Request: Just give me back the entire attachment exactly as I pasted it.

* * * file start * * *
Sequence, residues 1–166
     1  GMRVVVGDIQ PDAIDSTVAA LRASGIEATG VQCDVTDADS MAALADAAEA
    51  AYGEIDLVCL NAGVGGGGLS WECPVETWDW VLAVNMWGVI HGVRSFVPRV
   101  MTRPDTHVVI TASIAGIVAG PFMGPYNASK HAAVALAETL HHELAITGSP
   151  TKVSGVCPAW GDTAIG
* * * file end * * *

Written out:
Sequence, residues 1–166
     1  GMRVVVGDIQ PDAIDSTVAA LRASGIEATG VQCDVTDADS MAALADAAEA
    51  AYGEIDLVCL NAGVGGGGLS WECPVETWDW VLAVNMWGVI HGVRSFVPRV
   101  MTRPDTHVVI TASIAGIVAG PFMGPYNASK HAAVALAETL HHELAITGSP
   151  TKVSGVCPAW GDTAIG